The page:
Peter Shumlin get low marks among Governors for economic performance

by Robert Maynard

The Cato Institute just released its “Fiscal Policy Report Card Among America’s Governors 2012.”  It should come as no surprise to free market supporters that our Governor ranked near the bottom.  Here is how the Institute described its approach to the rankings:

The recovery from the recent recession has been very sluggish, and the nation’s governors have struggled with the resulting budget deficits, unemployment, and other economic problems in their states. Many reform-minded governors elected in 2010 have championed tax reforms and spending restraint to get their states back on track. Other governors have expanded government with old-fashioned tax-and-spend policies.

That is the backdrop to this year’s 11th biennial fiscal report card on the governors, which examines state budget actions since 2010. It uses statistical data to grade the governors on their taxing and spending records—governors who have cut taxes and spending the most receive the highest grades, while those who have increased taxes and spending the most receive the lowest grades.

As mentioned above, there were some “reform-minded” Governors elected in the Tea Party wave of 2010.  There were a few that particularly stood out: “Four governors were awarded an “A” in this report card—Sam Brownback of Kansas, Rick Scott of Florida, Paul LePage of Maine, and Tom Corbett of Pennsylvania.”  It is interesting to note the reaction on the part of some of Vermont’s media outlets when Randy Brock brought one of these four fiscal trail blazers to Vermont to share some of his ideas on economic reform.  Instead of being greeted as an innovative fiscal reformer, certain media outlets focused on some of Paul LePage’s rhetoric used in criticizing big government and excessive spending.  Heaven forbid that someone would  even consider  inviting a politician to Vermont who would do that.

On the other end of the spectrum, there were some Governors that seemed to have the pedal to the metal when it comes to taxing and spending: “Five governors were awarded an “F”—Pat Quinn of Illinois, Dan Malloy of Connecticut, Mark Dayton of Minnesota, Neil Abercrombie of Hawaii, and Chris Gregoire of Washington.”  I suppose that we should be grateful that our Governor was not one of those five.  The problem is that he was extremely close.  The highest ranking fiscal score for the five Governors, who received an “F”,  was 38.  Peter Shumlin received a 40 which gave him a “D” and placed him in the sixth position from the bottom.  In other words, he was just one slot and two points away from joining those who scored an “F”.  Here is what the report said about his record:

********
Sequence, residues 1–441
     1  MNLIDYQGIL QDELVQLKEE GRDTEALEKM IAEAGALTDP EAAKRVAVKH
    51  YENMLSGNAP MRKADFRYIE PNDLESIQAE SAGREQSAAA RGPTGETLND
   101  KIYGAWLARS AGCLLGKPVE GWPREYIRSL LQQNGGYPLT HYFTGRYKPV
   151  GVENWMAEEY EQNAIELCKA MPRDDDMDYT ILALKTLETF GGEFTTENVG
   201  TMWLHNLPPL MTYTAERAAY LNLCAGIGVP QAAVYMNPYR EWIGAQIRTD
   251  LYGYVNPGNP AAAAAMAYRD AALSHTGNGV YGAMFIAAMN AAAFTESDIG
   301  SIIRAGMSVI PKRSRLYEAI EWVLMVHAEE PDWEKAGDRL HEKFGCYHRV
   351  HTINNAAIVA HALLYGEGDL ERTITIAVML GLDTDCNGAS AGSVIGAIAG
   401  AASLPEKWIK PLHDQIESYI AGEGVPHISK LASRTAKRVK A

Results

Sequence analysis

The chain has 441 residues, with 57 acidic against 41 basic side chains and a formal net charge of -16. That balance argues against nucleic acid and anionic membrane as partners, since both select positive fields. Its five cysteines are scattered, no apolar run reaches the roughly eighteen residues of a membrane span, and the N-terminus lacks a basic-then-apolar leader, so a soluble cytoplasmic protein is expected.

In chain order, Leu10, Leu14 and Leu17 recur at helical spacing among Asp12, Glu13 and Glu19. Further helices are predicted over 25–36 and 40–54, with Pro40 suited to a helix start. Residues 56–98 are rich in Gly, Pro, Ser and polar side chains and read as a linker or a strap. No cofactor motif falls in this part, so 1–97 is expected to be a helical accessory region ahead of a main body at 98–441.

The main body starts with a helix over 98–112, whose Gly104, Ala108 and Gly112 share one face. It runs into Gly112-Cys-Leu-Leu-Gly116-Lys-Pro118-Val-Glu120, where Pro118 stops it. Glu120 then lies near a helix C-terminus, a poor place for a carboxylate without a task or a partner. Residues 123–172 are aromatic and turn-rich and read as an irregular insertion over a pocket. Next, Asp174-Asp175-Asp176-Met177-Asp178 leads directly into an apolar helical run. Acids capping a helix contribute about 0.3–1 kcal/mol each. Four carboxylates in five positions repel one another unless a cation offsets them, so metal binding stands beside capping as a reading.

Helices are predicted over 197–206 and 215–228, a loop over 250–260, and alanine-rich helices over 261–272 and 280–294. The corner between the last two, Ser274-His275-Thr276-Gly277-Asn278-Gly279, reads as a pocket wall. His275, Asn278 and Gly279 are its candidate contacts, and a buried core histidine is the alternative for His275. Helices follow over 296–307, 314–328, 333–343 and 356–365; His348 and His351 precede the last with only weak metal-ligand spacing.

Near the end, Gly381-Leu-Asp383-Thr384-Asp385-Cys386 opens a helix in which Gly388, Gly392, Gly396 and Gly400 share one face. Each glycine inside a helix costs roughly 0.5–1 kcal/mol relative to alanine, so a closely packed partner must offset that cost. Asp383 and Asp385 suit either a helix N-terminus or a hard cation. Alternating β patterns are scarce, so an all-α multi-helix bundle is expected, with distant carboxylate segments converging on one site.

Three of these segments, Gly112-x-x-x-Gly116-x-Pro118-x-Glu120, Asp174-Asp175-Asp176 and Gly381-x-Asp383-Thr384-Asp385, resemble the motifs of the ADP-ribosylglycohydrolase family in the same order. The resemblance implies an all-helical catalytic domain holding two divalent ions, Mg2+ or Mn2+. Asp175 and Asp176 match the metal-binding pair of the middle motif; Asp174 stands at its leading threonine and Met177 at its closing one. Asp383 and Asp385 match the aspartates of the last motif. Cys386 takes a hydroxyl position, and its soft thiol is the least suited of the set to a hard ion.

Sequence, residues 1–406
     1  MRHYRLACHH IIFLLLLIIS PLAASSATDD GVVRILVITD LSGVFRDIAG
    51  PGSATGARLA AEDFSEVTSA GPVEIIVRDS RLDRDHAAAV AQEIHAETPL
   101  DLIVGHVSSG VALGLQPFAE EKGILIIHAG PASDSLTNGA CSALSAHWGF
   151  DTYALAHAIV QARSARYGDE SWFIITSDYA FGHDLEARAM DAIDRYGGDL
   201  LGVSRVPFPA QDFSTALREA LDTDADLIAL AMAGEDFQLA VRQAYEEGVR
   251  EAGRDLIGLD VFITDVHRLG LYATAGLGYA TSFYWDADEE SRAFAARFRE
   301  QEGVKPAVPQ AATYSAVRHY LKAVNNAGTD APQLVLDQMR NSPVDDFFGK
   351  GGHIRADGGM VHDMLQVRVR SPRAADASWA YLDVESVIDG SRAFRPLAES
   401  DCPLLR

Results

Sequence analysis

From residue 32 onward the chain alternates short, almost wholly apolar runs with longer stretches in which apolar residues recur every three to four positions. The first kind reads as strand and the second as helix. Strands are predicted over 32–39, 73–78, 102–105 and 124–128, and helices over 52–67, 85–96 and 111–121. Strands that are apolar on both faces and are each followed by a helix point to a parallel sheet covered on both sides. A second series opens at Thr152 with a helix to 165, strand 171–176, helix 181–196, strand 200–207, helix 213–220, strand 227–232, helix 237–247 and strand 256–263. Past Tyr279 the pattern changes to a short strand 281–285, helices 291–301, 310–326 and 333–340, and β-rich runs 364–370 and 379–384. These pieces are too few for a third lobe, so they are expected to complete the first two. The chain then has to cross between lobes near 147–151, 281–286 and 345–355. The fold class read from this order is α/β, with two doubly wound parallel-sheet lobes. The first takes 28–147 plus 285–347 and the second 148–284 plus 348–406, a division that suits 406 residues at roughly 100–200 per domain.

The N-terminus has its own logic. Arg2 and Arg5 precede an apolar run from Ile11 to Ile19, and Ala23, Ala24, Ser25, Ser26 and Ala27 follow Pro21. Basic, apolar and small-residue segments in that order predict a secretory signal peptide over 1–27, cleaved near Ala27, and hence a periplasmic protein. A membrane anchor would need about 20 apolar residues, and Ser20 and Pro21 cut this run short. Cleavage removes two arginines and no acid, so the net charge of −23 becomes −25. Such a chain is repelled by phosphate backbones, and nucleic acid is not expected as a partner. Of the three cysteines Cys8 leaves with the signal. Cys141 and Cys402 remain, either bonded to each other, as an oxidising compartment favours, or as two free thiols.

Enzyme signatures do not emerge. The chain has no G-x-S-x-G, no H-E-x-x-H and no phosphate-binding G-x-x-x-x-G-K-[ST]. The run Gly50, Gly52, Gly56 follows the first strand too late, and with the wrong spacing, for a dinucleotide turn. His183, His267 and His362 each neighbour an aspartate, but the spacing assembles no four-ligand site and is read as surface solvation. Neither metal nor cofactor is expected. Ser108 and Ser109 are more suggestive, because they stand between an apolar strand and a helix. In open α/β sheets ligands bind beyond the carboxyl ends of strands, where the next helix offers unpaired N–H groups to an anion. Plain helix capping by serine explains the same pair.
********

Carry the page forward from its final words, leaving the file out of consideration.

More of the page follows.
Governor Shumlin has taken a generally expansionist approach to fiscal policy. In 2011 he signed a 38 cent per pack tax increase on cigarette consumers after initially opposing it. He also approved a tax increase on health care providers. In 2012 he approved increases in automobile license and registration fees. His spending increases have been quite large. The general fund budget is expected to increase 12 percent between fiscal 2011 and fiscal 2013.

Keep in mind that the above assessment does not take into account the plan to enact a Government controlled single payer health care system.  Once that is in place, an “F” might just be too generous a score.

The Cato Institute is a libertarian oriented think tank and has been critical of the tendency toward big government on the part of both Democrats and Republicans.  With that in mind, they have noted that the record shows that Democrats and Republicans are not equally guilty on that score:

Advocates of smaller government often lament that politicians of both major parties tax and spend too much. While that is certainly true, Cato report cards have found that Republican governors are a bit more fiscally conservative than Democratic governors,on average. In the 2008 report card, Republican and Democratic governors had average scores of 55 and 46, respectively. In the 2010 report card, they had average scores of 55 and 47, respectively.

This pattern is even more pronounced in the 2012 report card. This time around, Republican and Democratic governors had average scores of 57 and 43, respectively. And, as in prior report cards, the difference between the two parties is slightly more pronounced on taxes than on spending.

I think the increase in the difference between Democrats and Republicans, when it comes to taxing and spending, can partially be attributed to the rise of the Tea Party movement.  This is something to keep in mind when it comes time to vote in November.

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